Stage p(Home W)
Pregame 60.4%
After 1st Qtr =1/(1+EXP(-0.3599755-0.1122741*Home Margin))
After 2nd Qtr =1/(1+EXP(-0.2895922-0.1429087*Home Margin))
After 3rd Qtr =1/(1+EXP(-0.2041572-0.2117494*Home Margin))
Before any OT 52.4%

Combining those probabilities with the series win probabilities I found here, one can determine each team's probability of winning the series at a given checkpoint. This allows us to rank Finals collapses, pinpointing the moments within games where the eventual loser's series win probability was the highest:

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Posted in Analysis, History, Playoffs, Statgeekery | 13 Comments »

Do the Finals Contain the Best Teams in Each Conference?

30th May 2011

Although we like to think "the best team always wins a best-of-7 series", variance plays a much bigger role than we'd care to admit. I found here that the best team in a given season usually wins the NBA title about 48% of the time -- and that's actually an incredibly high rate compared to other sports like baseball (29%), pro football (24%), and college basketball (34%).

Truth be told, playoffs are mainly designed as entertainment, with "finding the best team" as a secondary goal. And there's nothing wrong with that. If we forced teams to play enough to have statistical certainty, it would require a completely impractical number of games. For the fan's sake, it is necessary to achieve a balance between watchability and the feeling that what we watched wasn't a total fluke. And really, the NBA probably does this better than any other sport.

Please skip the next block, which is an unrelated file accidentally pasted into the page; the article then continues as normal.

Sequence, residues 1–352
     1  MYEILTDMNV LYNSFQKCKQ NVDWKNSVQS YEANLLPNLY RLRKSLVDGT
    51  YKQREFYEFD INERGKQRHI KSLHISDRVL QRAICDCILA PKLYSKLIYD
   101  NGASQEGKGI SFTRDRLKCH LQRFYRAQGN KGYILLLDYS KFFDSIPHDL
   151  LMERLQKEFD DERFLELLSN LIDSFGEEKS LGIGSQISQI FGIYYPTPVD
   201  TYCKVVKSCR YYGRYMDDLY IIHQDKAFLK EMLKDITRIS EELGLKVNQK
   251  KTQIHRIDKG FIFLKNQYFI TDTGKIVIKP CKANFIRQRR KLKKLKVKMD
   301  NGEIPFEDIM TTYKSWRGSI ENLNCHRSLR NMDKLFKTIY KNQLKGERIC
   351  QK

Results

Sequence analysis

But we still have to acknowledge that the best team does not always win, nor do the NBA Finals necessarily contain the best teams in each conference. Can we put a number on how probable it is that a given Finals matchup did in fact contain the best from each conference? Using a very simplified version of Prof. Jesse Frey's Method for determining the probability that a given team was the true best team in some particular year (with assists from these posts), I calculated that probability for every Finals matchup since 1984, when the playoffs expanded to 16 teams.

Here are those Finals, ranked from the greatest certainty that the two teams were their respective conferences' best to the least certainty:

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Posted in Analysis, History, Playoffs, Statgeekery | 10 Comments »

Losing Your (Inefficient) Leading Scorer Hurts Your Team

23rd May 2011

Last week, I ran a post (prompted by this post at the Wages of Wins) wherein I tried to determine the offensive impact when a team loses its leading scorer. I found that, since 1986 at least, a team loses about 2 points of offensive rating relative to the league average when its top scorer by PPG doesn't play.

I got a lot of great feedback from that initial post, so I decided to try my hand at a sequel after making a number of improvements to the study: